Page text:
Earlier this week there was a groundbreaking ceremony on the grounds of the State Capitol in Richmond for a memorial “recognizing the contributions of women across four centuries.” The first phase of the monument named “Voices from the Garden” will be an oval-shaped plaza that will contain 12 bronze statues depicting significant women in Virginia’s history. A glass Wall of Honor containing the names of several hundred additional women of note will surround the plaza.
Supporters of the new monument claim it to be “the first of its kind on the grounds of a state capitol.” Certainly it is a step forward in recognizing the important place of women after English colonization and the transport of the first English women to the colony in 1619.
The grounds of the Capitol have been dominated by white men since Richmond became the capital of the Commonwealth in 1780. From the grand equestrian statue of George Washington that dominates the grounds to a lonely statue of senator and former governor Harry F. Byrd, only the Virginia Civil Rights Memorial opened in 2008 offers evidence of others than white men who contributed to Virginia’s history.
The addition of the women’s memorial at a critically important time will help to fill in the blanks of history as will the Virginia Indian Tribute Memorial that is currently under construction.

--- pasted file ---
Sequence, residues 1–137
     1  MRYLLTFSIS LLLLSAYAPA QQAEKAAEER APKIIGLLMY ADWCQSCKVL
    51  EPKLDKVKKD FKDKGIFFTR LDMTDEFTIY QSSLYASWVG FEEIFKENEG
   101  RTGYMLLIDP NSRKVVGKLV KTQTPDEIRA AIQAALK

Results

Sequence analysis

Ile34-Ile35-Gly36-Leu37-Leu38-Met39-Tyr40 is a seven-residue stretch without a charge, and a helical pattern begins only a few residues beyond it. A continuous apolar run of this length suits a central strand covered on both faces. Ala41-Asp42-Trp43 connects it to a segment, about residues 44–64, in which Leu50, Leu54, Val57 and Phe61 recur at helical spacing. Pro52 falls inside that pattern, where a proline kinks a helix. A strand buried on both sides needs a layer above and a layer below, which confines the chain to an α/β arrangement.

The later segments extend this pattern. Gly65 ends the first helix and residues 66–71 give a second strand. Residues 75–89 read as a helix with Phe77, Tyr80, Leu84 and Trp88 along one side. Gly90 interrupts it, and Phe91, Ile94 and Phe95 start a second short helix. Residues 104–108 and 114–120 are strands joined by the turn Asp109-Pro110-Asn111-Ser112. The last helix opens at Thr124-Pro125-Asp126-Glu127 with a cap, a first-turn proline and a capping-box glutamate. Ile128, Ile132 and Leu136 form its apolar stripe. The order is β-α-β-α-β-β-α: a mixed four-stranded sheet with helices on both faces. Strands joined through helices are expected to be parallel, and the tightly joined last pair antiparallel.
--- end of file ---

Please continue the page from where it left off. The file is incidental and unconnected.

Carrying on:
Recognizing the historic contributions of women has become even more important at a time when the daily news brings information on the number of women having been sexually harassed by well-known political and entertainment figures. While those disclosures have brought attention to the problem there needs to be recognition that we are only seeing the tip of a very great problem.
Many women who are afraid, feel shame or powerlessness, or whose perpetrator is a relative, co-worker, or community member but who is not famous have had to suffer in silence. Now that the lid is sufficiently off, the issue will not be able to be swept away or ignored. The path forward is not entirely clear, but giving women the respect they have earned whether in history or as head of a family is an important step.
A memorial on capitol grounds of a state that did not ratify until 1952 the Nineteenth Amendment giving women the right to vote in 1920 is an important step as well.
The greatest tribute to women in Virginia may have come with the outcome of the recent Virginia election. Pending final vote certification there will be 38 women in the Virginia General Assembly — 27 percent versus the earlier 19 percent. The Democratic caucus in the House of Delegates will be nearly half women as it should be.
Supporting these women candidates were thousands of women working to make a difference in numbers never before realized. Seeing these winning women candidates are thousands of young women who just witnessed a door opening for them. It is likely to be that Virginia will finally ratify the Equal Rights Amendment as I have supported my entire career.